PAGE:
Large investment banks have failed to recognise the value of their execution divisions, according to Richard Balarkas, president and CEO of Instinet Europe. “If they did,” he comments, “they would divest the business.”
Were the banks to take this route, the scale of business that the banks’ execution arms represent would amount to multi-billion dollar enterprises, he claims.
“In some cases, these are businesses with global market share and global leadership,” says Balarkas. But they remain highly profitable minority businesses cocooned within the equities division, wrapped within the securities arm of a massive bank. According to Balarkas, there is a simple reason for this. “Investment banks are trying to lure clients in with as many different products and ideas as they can, because that’s how they think they will maximise revenues,” he explains. “It’s extremely blinkered.”
Balarkas says the global brokers’ strategies are dominated by investment banking culture, which means they do not necessarily invest in the right places at the right time or pursue particular initiatives with single-minded focus. He believes the credit crunch has exacerbated this problem; he contends that the banks’ profitable execution arms have been forced to share in the pain of redundancies and swingeing budgetary cuts.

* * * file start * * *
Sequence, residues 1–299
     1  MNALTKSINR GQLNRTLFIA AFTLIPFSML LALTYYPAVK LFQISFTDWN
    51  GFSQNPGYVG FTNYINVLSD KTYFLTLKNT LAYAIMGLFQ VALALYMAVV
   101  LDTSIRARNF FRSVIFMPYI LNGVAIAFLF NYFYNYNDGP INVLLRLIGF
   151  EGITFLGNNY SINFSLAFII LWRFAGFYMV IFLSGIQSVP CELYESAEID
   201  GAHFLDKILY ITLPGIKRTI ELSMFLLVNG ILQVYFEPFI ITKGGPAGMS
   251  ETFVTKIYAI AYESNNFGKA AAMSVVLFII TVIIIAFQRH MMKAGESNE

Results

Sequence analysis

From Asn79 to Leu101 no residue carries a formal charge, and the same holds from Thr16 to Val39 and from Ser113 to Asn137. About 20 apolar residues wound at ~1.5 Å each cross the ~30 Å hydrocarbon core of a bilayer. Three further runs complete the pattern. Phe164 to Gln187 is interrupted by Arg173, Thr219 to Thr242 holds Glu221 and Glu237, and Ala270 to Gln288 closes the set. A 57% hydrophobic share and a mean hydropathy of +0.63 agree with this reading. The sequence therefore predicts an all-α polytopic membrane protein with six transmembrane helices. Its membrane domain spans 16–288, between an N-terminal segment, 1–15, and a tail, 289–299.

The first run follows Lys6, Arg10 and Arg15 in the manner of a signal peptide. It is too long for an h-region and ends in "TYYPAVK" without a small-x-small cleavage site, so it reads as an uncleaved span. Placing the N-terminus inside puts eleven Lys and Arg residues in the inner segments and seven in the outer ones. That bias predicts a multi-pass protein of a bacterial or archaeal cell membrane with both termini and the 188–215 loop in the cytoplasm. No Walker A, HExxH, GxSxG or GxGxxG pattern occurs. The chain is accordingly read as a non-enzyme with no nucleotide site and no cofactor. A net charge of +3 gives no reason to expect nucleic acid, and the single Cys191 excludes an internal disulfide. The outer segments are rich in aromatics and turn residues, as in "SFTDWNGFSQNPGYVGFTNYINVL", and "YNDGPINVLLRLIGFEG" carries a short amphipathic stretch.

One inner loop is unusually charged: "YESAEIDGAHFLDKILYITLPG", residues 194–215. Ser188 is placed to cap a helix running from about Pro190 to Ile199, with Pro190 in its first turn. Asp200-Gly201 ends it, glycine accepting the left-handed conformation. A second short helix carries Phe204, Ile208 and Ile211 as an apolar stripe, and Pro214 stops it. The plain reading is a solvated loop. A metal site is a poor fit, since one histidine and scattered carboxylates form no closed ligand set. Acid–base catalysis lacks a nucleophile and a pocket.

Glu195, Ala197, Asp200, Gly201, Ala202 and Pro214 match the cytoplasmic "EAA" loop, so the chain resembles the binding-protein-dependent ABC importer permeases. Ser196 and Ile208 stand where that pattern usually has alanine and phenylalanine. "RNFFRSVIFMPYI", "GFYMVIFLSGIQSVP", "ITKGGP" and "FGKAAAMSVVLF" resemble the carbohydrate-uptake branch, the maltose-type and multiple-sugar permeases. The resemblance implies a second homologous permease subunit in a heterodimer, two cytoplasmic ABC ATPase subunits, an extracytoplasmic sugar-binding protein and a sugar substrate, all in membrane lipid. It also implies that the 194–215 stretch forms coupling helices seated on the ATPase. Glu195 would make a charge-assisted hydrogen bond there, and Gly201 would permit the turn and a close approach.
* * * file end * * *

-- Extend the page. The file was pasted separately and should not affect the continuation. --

“I didn’t know the credit crunch was going to hit as hard as it did,” he says. “It’s obvious that people are going to be subject to top down aggressive budget cuts, top down aggressive headcount cuts… and they apply to everyone. It makes no sense.”
Investment banks are trying to achieve two opposing goals. The sub-prime crisis has forced them to try and make up lost revenue by maximising order flow through their internal dark pools. But at the same time, they must also try to achieve best execution for their clients, which can involve routing orders elsewhere. “If I get an order and I end up trading away outside of the Instinet dark pool, that doesn’t bother me. And that’s the difference, because a trade-through for an investment bank would be a sign of failure,” Balarkas says.
Those left running the investment banks’ execution business are “essentially in a compromise position”, he adds.
This is an extract from a larger interview with Richard Balarkas. For the full interview, see the Q2 2008 issue of The TRADE.